BSP should monitor banks’ compliance with MRB
FINANCIAL institutions, especially commercial banks, are all under the supervision of the Bangko Sentral ng Pilipinas (BSP). The Banking Regulation Manual (MRB) has been developed by the BSP for the financial institutions supervised by the BSP (BSFI) to serve as a guide in their day-to-day operations. The applicable sanctions and penalties are provided for in the document in the event of non-compliance by these BFIs.
Why am I writing about this? Well, an entrepreneur experienced the arbitrary and autocratic ways of a bank manager (BM), who clearly exceeded his duties and usurped the authority of his employing bank.
A couple formed a limited partnership and started operating a small restaurant in 2015. As a necessary supplement to their small business, the couple opened a checking account with a commercial bank. To protect the bank’s anonymity, let me call it Sample Bank (“SBank” for short). The partners have authorized partner A to open the account with SBank and have designated the same partner as the sole signatory on this bank account. A duly notarized partnership resolution, using the pro forma document provided by SBank, has been signed to this effect.
The restaurant, like many other small businesses, has suffered financial losses during the relentless closures and quarantines caused by the Covid-19 pandemic. They finally closed the small restaurant. Based on their passbook, the last transaction they made was on February 2, 2021.
Last week Partner A went to SBank to withdraw the money remaining in the partnership account and possibly close it. He was informed that the partnership account was “on hold” due to its “dormant” status. He was advised to go to the original agency where he opened the account to reactivate the partnership account.
The BM of his account agency asked him to sign a new signatory card, an account reactivation form and two other documents. Partner A complacently filled out the forms and put his signature on them. After receiving all these forms, the BM asked him to submit a copy of the Articles of Partnership issued by the Securities and Exchange Commission (SEC) and a notarized partnership resolution to “open a bank account” with SBank. The BM provided him with the pro forma partnership resolution of the SBank.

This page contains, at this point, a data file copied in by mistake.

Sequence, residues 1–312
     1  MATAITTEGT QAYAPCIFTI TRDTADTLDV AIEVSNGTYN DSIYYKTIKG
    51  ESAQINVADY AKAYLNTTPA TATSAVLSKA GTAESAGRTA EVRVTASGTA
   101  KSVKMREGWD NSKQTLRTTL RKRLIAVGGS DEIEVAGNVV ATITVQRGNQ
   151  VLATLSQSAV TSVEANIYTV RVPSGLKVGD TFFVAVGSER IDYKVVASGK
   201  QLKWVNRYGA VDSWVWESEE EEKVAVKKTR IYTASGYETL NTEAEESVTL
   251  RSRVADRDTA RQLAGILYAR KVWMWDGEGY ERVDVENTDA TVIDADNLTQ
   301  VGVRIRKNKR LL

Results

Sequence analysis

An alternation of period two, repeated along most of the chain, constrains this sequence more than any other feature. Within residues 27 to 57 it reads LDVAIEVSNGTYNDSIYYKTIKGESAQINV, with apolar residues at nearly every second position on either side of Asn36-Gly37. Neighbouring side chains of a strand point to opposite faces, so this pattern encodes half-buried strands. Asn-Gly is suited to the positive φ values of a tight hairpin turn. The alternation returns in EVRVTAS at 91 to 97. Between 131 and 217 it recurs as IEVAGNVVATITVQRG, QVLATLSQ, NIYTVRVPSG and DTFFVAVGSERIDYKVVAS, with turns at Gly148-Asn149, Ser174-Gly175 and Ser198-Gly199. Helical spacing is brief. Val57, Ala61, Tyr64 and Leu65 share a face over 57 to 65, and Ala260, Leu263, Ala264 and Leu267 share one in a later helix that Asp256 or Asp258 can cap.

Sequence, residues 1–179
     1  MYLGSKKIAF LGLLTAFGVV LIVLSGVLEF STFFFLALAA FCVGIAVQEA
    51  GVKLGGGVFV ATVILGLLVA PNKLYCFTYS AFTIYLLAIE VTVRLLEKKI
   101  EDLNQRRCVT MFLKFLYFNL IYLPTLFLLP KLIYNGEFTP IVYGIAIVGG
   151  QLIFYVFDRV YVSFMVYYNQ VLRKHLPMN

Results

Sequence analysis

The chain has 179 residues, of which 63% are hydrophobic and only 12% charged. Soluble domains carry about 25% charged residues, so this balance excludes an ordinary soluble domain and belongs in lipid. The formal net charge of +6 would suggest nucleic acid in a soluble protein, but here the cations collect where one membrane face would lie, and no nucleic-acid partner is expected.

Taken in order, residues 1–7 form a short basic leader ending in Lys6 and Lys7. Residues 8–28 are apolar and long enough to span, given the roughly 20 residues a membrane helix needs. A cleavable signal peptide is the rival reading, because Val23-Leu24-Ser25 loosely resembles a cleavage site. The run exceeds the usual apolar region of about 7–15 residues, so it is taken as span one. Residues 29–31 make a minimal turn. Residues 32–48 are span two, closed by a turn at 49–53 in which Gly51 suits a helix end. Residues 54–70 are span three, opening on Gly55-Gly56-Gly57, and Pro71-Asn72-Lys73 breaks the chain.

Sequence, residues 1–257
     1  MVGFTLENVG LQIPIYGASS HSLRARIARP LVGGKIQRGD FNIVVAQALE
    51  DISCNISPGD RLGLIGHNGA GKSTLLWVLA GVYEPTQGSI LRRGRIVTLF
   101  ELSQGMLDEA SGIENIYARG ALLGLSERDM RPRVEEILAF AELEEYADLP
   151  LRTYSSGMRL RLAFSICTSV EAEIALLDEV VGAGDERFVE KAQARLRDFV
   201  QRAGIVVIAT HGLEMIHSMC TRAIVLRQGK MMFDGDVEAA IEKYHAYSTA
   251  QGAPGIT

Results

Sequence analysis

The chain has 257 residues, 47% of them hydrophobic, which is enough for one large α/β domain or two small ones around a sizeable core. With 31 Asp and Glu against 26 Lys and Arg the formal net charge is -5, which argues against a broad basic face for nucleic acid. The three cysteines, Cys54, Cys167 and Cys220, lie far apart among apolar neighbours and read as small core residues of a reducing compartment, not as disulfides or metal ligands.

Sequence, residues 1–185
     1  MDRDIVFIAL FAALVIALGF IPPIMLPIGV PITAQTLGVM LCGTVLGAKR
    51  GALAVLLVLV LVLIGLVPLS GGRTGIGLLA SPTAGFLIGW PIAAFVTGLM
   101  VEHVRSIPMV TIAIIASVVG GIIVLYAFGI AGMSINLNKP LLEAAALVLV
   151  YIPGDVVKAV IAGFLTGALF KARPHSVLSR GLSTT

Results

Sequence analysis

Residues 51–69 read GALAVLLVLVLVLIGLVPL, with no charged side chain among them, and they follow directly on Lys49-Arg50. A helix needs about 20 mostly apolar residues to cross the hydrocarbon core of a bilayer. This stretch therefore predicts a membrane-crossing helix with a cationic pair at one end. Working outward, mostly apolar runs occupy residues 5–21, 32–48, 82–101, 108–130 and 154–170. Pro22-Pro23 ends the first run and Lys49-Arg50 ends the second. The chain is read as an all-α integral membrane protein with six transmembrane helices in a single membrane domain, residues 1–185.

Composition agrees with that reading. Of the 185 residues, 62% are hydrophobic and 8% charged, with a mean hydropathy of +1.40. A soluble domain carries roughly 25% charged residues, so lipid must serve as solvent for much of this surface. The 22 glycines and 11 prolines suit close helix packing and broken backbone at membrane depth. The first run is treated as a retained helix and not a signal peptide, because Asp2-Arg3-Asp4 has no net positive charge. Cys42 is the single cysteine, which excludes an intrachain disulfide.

Partner A searched his old records and found a copy of the original partnership resolution signed in 2015. He returned to the bank branch and submitted the copy of the partnership resolution to the WB. The latter refused to accept the document on the grounds that it was old and that he needed a new and updated one. Partner A argued that the old document was still legally valid and binding and was essentially the same as the new pro forma document.
Not to be outdone (even though he had little knowledge of the law), the BM then asked Associate A to submit a new document, which was not even listed as the one of those from their initial discussion. The BM was now asking for a partnership resolution “to reactivate the account”. SBank does not have a pro forma document for this as it was never required in the first place. This fact was confirmed by BMs from other SBank branches – they claimed that SBank never required a partnership resolution “to reactivate the account”. It was only by whim and whim of the monocratic BM that such a resolution was demanded.
BM and SBank violations
SBank violated BSP regulations when it placed the partnership account in an inactive status without informing the account holder. Under BSP Memorandum M-2017-025, all non-exchange banks and credit unions must comply with notice requirements set by BSP by notifying depositors at least 60 days before their account becomes inactive and at least 60 days before their account becomes inactive. costs. SBank failed to comply with both of these notice requirements. Please note that failure to comply with the dormancy regulations will subject the banks and quasi-banks responsible to the applicable sanctions and penalties provided for in Article X299 of the MRB.
Section X1002 of the MRB has also defined the consumer protection standards required of OSFIs. Banks must regularly provide customers with clear and precise information on their accounts; inform customers of their rights and responsibilities, including their right to complain and how to submit a complaint; and have an internal system or processes in place to detect and respond to client abuse and serious violations.
Another question that needs to be answered, apart from these banking breaches, is whether the 2015 partnership resolution is still valid or not. For the information of readers, a notarized document never expires and an advisory/partnership resolution survives until specifically superseded by a more recent resolution. In fact, SBank provided a pro forma resolution containing the clause —
“Finally resolved, that the foregoing resolutions shall continue and remain in effect until repealed and/or modified by subsequent resolutions of the members of the Partnership and appropriate copies thereof served and received by the [S]Bank Corporation.” Obviously, the Partnership Resolution remained in effect because it was neither repealed nor amended by subsequent resolutions.
Partner A has obviously been abused by the biased SBank BM. For this, the branch manager should be sanctioned appropriately.
The BSP should also investigate the SBank and determine if what was discussed above was an isolated case or if it became an institutionalized policy as a result.
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